Culture and the Death of God by Terry Eagleton is an academic world-wind history of the 300-year funeral for God and the search to replace the idea of God with something else. It’s a project that Eagleton argues has failed and will continue to fail. What’s fascinating to me is that one wouldn’t think of Eagleton as a defender of God. After all he wrote, “Why Marx Was Right,” and most people don’t generally associate a defender of Marx to also be a defender of God.
As I’ve thought about Eagleton’s thesis (and also Charles Taylor’s “A Secular Age”), I’ve pondered why a ‘Godless society’ doesn’t make sense and why I don’t think it can survive on its on merit, but only as a parasite that draws from the ethos and morals of another ideology, one where God does exist. I do not mean these thoughts to be a defense of Christianity, but more of religion in General. Which religion is ‘right’ is a debate for another day.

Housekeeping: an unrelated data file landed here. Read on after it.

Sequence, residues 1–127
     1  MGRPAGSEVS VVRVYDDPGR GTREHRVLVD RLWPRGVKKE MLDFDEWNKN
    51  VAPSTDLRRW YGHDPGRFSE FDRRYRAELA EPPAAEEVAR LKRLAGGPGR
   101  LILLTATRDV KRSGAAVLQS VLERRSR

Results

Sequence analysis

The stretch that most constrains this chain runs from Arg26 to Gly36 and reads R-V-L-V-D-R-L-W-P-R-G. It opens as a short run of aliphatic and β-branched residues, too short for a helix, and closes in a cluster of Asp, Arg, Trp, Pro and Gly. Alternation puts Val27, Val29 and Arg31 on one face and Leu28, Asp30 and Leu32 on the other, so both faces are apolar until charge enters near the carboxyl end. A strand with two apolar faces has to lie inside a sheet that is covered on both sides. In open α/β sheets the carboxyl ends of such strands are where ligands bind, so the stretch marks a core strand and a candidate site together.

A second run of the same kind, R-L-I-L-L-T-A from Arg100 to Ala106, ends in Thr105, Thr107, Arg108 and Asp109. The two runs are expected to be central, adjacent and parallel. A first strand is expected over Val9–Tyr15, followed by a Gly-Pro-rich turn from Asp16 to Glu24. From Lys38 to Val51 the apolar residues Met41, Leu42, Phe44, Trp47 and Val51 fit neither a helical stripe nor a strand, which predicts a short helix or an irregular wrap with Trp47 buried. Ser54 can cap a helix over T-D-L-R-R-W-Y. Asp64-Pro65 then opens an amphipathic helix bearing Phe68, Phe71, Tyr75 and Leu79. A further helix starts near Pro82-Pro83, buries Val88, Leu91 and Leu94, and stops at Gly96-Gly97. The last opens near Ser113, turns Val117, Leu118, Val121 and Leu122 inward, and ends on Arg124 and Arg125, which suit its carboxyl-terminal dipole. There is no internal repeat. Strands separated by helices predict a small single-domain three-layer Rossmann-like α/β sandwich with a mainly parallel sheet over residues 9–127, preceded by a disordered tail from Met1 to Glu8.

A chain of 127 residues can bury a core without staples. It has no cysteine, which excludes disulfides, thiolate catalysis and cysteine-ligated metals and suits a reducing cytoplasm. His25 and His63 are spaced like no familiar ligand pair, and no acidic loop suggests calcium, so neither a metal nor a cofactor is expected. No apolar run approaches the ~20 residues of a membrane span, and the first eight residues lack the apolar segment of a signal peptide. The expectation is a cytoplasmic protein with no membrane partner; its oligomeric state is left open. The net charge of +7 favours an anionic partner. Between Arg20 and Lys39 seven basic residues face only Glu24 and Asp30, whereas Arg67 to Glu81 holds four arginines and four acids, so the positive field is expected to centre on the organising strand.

Without God there is nothing that calls one to greatness or even goodness. I have a friend who’s an atheist and he isn’t afraid to tell you about this view of God. I would call him a friend, but I would also say that he is absorbed with himself and is cynical about anything related to other people. More often than not you hear words of criticism and disdain rather than anything that remotely resembles something that is generous or kind towards someone else. In a world where God does not exist, this isn’t only normal, but should also be expected. It might even be something to be proud of. I can’t imagine a world where this person is the standard or norm, someone that our children are supposed to look up to. Now I know people will say that there are just as many people in ‘X’ religion that act the same way, and I would absolutely agree that those people exist. I also fully acknowledge the worst that religion has done. BUT, most faith traditions would argue that that kind of self-absorbed ideological framework isn’t okay and would seek to transform that person into something else (and have systems and institutions that do so). Many might also argue that there are lots of ‘good people’ that are atheist and I would agree. But, I think those ‘good atheists’ have been influenced by a broader culture that has shaped and formed them even if they don’t’ know it, or won’t acknowledge it. Imagine what would happen if we all agreed to stop believing in God tomorrow, the next 40 years might not be so bad because we have this cultural and religious inertia that influences our choices and helps create a common life and mentality. But, what happens 200-300 years from now where any notion of God and being the best version of yourself is long gone? We would undoubtedly expect more of a ‘survival of the fittest mentality’ where you each person is the center of the world and looking out for ones own interest is paramount. It would heighten the worst parts of humanity. That’s not a world I desire to live in, there are echoes of it enough for me in our time and place between both atheist and religious people.